Jesse Hernandez took the mound in the seventh inning on Tuesday with the same mentality he had in the first, minus the nerves and pressure of pitching close to home. That was already old news.
The Blue Jays prospect worked a perfect seventh, striking out the final batter he faced to pick up the win in his Class A debut as the Lansing Lugnuts beat the Dayton Dragons, 6-2, at Fifth Third Field.
The 23-year-old right-hander struck out eight and held the Dragons to one hit over seven innings, earning the win in front of his girlfriend and others from his hometown of Grand Rapids, Mich., who made the trip to Dayton.
"Yeah, I had a good nervous feeling in my belly," Hernandez said. "But once the game got going, I kind of shook it off."
Hernandez did not allow a ball out of the infield all night, even when Ryan Wright broke up his no-hit bid in the fourth with a two-out single that eluded shortstop Andrew Burns. He allowed just one other baserunner -- Theo Bowe drew a two-out walk in the sixth.
"It was a ground ball to the left side in the hole, it was a tough play and [Burns] almost came up with it," Hernandez said of the lone hit. "I stayed with my game plan there, just get my ground balls."
Hernandez induced five straight ground balls to begin the game before striking out Steven Selsky to end the second. A sinkerballer who went undrafted two years ago, he had it all working in his full-season debut.
"Going into the game, I knew they were aggressive and liked to swing early," he said. "Me being a sinkerballer, I wanted to go at them and keep the game moving. I did that early on and they kind of stayed back and I snuck in a few strikeouts. It was the same approach all the way through."
Hernandez's one-hit line capped a busy few weeks that saw the Central Michigan product get assigned to Lansing, not far from where he grew up. He's already had family come out to a game in Lansing and was amped to get his first start in Dayton. Plus, the Lugnuts are one of only three undefeated teams in the Minor Leagues.
"Oh, yeah, I was really pumped," Hernandez said. "I lived 45 minutes away from our ballpark in Lansing. [My family] came out in our home opener in the crosstown showdown against Michigan State and there was a good turnout there. And my girlfriend came out today, since she's closer to Dayton."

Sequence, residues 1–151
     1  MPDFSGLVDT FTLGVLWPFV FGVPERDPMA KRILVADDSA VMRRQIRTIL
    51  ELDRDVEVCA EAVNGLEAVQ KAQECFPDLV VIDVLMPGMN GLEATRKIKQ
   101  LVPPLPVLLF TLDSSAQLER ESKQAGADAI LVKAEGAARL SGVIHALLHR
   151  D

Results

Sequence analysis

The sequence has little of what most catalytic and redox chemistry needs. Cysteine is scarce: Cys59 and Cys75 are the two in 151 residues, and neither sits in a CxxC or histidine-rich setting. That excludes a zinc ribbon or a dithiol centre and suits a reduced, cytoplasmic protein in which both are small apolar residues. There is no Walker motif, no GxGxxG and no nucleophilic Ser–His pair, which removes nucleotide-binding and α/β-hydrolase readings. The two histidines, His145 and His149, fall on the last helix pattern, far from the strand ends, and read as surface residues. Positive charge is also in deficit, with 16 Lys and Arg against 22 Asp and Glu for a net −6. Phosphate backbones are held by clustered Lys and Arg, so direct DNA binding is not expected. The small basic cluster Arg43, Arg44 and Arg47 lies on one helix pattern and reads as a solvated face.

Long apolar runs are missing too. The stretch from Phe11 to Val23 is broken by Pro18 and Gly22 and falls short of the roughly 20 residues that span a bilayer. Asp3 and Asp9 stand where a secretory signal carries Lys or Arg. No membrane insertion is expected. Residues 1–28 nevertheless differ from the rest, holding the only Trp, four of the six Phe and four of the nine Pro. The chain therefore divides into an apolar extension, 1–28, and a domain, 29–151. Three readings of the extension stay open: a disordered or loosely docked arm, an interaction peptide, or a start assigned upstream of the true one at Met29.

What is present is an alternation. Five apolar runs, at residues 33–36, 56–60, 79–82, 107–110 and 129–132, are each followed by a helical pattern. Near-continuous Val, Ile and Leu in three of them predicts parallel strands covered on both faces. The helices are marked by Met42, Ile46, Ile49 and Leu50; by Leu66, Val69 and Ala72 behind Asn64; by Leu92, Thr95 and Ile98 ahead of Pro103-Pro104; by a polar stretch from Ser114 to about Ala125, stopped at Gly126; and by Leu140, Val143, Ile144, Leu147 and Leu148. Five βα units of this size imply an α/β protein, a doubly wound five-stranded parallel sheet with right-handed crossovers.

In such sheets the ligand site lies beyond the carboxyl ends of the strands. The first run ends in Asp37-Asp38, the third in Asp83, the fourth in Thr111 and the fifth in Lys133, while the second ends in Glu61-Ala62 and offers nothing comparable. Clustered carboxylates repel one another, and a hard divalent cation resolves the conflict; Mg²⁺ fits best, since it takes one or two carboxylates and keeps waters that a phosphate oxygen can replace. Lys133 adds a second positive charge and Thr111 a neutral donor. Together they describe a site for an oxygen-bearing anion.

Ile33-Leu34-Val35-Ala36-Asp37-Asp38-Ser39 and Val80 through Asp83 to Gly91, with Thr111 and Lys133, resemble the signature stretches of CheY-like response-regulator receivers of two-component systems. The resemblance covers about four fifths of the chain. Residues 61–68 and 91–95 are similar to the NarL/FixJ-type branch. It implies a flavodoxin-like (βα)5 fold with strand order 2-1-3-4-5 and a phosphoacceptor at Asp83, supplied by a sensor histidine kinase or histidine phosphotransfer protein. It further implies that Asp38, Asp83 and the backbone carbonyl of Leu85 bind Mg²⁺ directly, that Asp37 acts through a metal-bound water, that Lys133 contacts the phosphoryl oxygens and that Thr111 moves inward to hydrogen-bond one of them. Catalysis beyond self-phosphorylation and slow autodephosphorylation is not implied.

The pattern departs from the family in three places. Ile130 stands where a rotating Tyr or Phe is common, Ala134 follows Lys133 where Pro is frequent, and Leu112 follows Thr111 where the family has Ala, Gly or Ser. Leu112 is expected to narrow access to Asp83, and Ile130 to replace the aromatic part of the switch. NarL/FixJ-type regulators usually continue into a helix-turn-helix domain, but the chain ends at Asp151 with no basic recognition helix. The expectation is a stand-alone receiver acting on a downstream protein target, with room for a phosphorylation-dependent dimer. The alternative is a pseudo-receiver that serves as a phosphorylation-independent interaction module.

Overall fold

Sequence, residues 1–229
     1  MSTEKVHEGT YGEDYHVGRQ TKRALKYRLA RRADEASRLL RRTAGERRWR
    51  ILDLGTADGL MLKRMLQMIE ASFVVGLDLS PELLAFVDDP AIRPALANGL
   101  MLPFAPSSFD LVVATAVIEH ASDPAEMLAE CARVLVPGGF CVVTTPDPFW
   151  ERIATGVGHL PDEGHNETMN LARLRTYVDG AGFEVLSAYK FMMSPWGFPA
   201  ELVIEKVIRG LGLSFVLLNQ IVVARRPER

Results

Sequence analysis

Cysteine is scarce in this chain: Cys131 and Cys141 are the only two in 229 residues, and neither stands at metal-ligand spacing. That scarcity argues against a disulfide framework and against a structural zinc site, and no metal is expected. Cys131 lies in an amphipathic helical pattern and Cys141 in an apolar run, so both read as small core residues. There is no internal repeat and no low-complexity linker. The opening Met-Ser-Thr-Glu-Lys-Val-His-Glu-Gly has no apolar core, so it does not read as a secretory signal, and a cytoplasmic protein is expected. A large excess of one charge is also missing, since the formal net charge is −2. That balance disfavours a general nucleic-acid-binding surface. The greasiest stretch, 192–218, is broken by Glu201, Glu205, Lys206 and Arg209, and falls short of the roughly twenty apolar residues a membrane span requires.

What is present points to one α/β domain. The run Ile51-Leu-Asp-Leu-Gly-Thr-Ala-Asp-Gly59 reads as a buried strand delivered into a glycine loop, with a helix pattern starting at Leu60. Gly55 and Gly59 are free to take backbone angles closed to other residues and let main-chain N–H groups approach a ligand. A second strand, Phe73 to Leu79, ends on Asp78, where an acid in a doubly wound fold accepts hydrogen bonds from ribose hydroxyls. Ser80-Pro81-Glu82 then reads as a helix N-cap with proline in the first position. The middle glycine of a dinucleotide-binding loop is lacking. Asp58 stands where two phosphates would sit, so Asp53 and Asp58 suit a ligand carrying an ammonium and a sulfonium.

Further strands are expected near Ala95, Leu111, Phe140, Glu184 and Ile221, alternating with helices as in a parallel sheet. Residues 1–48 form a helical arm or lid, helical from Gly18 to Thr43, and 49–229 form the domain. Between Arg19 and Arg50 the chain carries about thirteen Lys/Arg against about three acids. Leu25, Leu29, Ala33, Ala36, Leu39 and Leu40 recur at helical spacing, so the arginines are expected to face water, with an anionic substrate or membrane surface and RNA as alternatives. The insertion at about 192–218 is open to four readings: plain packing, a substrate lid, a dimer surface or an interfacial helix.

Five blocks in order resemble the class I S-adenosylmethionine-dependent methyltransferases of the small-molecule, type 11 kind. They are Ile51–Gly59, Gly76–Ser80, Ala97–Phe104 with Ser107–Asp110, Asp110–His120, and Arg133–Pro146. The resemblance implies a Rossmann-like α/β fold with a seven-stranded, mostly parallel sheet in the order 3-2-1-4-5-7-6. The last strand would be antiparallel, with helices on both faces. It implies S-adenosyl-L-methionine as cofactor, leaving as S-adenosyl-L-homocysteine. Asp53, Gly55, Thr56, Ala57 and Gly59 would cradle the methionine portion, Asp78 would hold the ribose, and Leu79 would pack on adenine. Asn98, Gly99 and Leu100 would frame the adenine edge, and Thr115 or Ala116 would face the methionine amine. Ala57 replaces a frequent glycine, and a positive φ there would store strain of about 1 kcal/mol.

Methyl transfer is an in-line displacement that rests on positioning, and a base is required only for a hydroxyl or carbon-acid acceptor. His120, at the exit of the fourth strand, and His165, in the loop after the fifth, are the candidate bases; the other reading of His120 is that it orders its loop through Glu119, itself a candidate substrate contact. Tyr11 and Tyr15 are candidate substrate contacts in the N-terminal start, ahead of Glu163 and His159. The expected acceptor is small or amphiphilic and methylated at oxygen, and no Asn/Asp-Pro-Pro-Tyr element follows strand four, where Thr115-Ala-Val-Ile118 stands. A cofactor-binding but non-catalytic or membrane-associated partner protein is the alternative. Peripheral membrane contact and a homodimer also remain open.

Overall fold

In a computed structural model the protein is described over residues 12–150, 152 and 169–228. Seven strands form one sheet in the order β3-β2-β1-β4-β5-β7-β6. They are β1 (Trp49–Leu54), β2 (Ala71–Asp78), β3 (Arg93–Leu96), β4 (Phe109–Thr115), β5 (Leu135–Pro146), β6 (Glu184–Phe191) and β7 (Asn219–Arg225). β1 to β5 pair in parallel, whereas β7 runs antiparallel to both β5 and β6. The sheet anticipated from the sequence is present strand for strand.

By the time Hernandez reached the seventh, he wasn't sure if it'd be his last inning.
"I felt fine [in the seventh]. I knew they had a game plan with my pitches, but I wasn't sure how many I threw," he said. "I respect the coaches' decision. I had a little steam in the tank, but it's up to them."
Hernandez got a boost in the fifth when Lansing scored five times to break a scoreless tie. Burns hit a two-run homer, Carlos Perez delivered a two-run single following a double steal and K.C. Hobson capped the outburst with an RBI hit to right.
"It's huge. The hitters came up big that inning, they were playing good all night defensively," Hernandez said. "That's a big pick-me-up there when it's close, when they bust out. It was awesome."
Hernandez signed with the Blue Jays in 2010 and spent the last two years with Rookie-level and short-season affiliates in the Gulf Coast, New York-Penn and Northwest leagues. After a brief taste of the Midwest League on Tuesday, he said it's too early to say whether the opposition is any better than what he faced in Vancouver last summer.
"It's hard to say right now, only having one outing against league opponents. I'd say it's about the same after my first outing," he said. "I know hitters will get better as the season goes on. But I'd have to say it's about the same."
The righty went 4-4 with a 4.28 ERA in over 75 2/3 innings in 15 starts for the Northwest League champions last season. This spring, he's put an emphasis on staying healthy and consistent.
"Basically, my big goal was to stick with my routine through the good and bad," he said. "That way, I can develop consistency throughout the season."
Hernandez's gem came one night after Justin Nicolino, the Blue Jays' No. 6 prospect struck out five over three hitless innings in his Class A debut. The left-hander was Toronto's second-round pick in 2010.
The Lugnuts' 5-0 start matches the 2004 squad for the best in team history.